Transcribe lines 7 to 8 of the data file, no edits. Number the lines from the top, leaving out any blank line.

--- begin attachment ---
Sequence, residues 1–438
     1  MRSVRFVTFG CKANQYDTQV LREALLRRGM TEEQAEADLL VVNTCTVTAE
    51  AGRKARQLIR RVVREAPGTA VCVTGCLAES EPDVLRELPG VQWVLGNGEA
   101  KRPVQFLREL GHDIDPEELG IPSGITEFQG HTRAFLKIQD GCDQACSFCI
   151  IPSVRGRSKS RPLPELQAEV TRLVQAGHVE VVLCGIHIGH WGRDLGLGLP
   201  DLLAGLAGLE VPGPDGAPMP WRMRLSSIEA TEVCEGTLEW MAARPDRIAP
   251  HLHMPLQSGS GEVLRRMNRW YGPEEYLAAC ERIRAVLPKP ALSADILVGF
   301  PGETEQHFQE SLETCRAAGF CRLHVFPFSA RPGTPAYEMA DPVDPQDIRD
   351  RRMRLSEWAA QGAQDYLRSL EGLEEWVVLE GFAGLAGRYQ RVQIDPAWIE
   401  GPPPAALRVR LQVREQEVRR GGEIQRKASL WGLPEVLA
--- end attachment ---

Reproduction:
   251  HLHMPLQSGS GEVLRRMNRW YGPEEYLAAC ERIRAVLPKP ALSADILVGF
   301  PGETEQHFQE SLETCRAAGF CRLHVFPFSA RPGTPAYEMA DPVDPQDIRD